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Start with your goals, not returns, when planning your financial future
Community Coordinator
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Errol Meyer, Head of Advisory Services at Standard Bank Financial Consultants, says most people start their financial planning by looking for a product that will give them the best expected returns over a particular time. But, he says, it’s better to start with your end-goal in mind and then match that with the best products.


If your goal is short-term, like saving for a child’s education, a tax-free investment vehicle could be your best option. You can invest R33 000 a year, and ‘cash out’ at the end of your investment period without incurring any exit tax. The growth build up is also tax free, complementing the compound-growth principle.


The trick here is not simply to invest in the product that offers the best anticipated return to maximise your potential capital amount; you should define how much you need over the investment term, then choose a suitable return profile to get you there.


“If an inflation-plus-3% strategy will get you to your investment goal without exposing you to undue risk, there’s no point in putting your money in a more aggressive product,” says Mr Meyer. This is pertinent when your goal is short-term in nature, as short-term market fluctuations could wipe out your returns.  


If an inflation-plus-3% strategy is not aggressive enough to get to your final goal, but is important to not miss that goal at the end of the term, contribute a slightly larger amount to a product with a more moderate returns profile, rather than targeting a more aggressive solution. For example, if you’ve calculated that you need to invest R15 000 a year in an inflation-plus-3% product for your child’s education but your expected return after the four-year term isn’t what you require, put away R16 000 a year into the same product rather than exposing your R15 000 to a more aggressive one.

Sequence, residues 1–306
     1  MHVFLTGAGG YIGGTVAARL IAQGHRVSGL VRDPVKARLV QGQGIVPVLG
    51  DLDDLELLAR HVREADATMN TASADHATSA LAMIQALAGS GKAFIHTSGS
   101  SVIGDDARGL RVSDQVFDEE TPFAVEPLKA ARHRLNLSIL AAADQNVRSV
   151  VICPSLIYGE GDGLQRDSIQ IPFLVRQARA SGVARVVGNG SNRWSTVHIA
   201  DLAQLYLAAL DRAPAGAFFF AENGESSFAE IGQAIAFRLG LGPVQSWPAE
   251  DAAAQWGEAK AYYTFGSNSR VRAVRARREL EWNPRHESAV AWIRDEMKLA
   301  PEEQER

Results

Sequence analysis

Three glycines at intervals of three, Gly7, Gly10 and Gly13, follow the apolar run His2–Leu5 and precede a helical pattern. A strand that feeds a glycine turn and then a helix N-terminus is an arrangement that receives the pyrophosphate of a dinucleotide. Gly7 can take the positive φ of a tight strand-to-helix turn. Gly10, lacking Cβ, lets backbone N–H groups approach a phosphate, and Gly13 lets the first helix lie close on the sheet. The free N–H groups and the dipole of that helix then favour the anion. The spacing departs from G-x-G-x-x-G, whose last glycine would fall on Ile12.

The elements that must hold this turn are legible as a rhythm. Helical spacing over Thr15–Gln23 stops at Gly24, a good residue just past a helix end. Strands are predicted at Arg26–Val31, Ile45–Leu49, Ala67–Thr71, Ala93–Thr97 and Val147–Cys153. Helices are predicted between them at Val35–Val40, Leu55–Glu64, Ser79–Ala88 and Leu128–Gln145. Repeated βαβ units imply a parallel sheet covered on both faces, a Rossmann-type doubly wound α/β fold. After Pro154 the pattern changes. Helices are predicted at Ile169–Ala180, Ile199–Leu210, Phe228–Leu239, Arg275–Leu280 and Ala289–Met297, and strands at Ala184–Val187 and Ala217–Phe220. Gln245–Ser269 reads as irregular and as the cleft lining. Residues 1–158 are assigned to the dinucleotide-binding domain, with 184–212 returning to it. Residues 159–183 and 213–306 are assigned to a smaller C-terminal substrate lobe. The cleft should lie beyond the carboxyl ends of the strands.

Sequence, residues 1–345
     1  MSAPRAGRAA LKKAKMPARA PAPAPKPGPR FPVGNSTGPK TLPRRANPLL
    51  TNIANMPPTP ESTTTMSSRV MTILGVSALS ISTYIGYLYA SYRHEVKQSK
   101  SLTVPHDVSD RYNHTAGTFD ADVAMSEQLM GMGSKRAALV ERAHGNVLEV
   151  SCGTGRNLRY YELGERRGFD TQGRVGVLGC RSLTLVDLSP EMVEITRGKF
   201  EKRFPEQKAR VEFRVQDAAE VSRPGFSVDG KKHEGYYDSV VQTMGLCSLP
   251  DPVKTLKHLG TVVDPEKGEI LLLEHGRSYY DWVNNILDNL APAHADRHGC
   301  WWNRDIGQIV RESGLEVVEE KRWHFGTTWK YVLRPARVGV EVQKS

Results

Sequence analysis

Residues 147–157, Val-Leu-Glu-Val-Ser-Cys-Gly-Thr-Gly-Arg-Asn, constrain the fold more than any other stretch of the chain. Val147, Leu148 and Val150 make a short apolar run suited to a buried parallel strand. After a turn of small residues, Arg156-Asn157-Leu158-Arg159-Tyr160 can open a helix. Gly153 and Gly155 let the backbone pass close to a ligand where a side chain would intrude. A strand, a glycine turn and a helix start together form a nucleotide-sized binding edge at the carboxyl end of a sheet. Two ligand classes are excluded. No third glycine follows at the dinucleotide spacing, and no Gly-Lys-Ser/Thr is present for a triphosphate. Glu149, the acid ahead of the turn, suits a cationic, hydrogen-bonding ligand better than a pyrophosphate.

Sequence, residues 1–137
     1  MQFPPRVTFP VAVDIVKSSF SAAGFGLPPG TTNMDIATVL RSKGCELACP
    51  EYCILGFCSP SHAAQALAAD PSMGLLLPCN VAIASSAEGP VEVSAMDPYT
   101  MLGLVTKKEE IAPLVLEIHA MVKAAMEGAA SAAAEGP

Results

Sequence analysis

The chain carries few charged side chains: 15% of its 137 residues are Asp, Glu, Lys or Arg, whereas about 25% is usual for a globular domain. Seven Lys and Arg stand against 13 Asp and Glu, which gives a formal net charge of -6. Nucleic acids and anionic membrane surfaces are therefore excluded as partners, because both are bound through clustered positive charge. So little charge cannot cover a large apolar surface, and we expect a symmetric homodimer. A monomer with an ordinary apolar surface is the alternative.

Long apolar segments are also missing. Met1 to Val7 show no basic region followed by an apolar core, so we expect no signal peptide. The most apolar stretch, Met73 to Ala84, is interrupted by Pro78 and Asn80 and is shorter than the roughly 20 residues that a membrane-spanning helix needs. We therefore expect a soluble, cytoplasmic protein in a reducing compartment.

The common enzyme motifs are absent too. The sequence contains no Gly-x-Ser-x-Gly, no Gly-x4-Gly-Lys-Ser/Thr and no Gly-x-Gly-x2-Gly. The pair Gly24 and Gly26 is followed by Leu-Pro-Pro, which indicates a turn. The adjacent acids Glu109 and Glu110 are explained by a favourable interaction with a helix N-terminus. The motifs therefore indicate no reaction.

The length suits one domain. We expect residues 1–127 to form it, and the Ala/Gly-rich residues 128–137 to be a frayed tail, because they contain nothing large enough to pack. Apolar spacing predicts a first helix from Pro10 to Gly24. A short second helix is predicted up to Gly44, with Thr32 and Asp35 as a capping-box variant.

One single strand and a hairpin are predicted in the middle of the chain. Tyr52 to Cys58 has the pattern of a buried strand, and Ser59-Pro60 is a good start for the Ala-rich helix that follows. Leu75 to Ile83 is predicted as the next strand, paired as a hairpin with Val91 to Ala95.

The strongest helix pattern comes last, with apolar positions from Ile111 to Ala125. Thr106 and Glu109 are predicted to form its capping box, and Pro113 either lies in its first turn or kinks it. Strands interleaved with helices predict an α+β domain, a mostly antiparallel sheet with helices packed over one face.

If your investment goal is long-term, like wanting to retire at 65, you can afford to be relatively more aggressive, because you have time to recover from short-term market volatility, assuming you’re not nearing retirement age. For example, if you earn an annual salary of R600 000 and you want to maximise your retirement savings potential, take the full 27.5% tax-break allocation that you can place in an RA. This will leave you with R435 000 from which you’ll pay R90 408 in tax (after rebates), leaving you with a final sum of R344 592. From this, allocate a portion to a tax-free investment with an aggressive strategy, allowing for a relatively high equity weighting.


“The nice thing about this option is that the amount you apportion to the tax-free vehicle is exempt from Regulation 28, as the contributions are coming from after-tax income,” says Mr Meyer. “This allows you to adopt a far more aggressive strategy than you would in your RA and benefit from the tax-savings as well.”

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